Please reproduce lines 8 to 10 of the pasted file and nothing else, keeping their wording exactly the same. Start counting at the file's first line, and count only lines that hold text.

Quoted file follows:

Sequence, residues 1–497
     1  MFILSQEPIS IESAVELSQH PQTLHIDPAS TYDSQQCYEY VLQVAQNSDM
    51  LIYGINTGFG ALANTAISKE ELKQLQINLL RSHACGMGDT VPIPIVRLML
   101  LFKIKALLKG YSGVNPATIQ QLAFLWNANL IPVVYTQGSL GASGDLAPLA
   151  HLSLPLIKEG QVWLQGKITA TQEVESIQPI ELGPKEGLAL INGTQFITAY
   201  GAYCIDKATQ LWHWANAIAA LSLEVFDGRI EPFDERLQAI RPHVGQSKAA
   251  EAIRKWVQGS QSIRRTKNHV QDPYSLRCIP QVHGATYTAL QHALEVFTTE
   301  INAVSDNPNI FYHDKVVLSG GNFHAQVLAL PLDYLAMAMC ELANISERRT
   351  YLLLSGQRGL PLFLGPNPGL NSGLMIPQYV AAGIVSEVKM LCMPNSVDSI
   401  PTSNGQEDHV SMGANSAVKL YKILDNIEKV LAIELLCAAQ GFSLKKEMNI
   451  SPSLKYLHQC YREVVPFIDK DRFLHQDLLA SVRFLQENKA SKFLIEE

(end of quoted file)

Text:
   301  INAVSDNPNI FYHDKVVLSG GNFHAQVLAL PLDYLAMAMC ELANISERRT
   351  YLLLSGQRGL PLFLGPNPGL NSGLMIPQYV AAGIVSEVKM LCMPNSVDSI
   401  PTSNGQEDHV SMGANSAVKL YKILDNIEKV LAIELLCAAQ GFSLKKEMNI